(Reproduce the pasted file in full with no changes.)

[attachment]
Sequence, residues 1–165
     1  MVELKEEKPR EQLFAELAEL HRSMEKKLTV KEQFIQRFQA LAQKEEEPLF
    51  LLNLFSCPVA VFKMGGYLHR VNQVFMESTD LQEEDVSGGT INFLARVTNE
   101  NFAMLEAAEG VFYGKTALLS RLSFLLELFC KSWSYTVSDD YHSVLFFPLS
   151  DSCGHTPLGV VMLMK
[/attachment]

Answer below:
Sequence, residues 1–165
     1  MVELKEEKPR EQLFAELAEL HRSMEKKLTV KEQFIQRFQA LAQKEEEPLF
    51  LLNLFSCPVA VFKMGGYLHR VNQVFMESTD LQEEDVSGGT INFLARVTNE
   101  NFAMLEAAEG VFYGKTALLS RLSFLLELFC KSWSYTVSDD YHSVLFFPLS
   151  DSCGHTPLGV VMLMK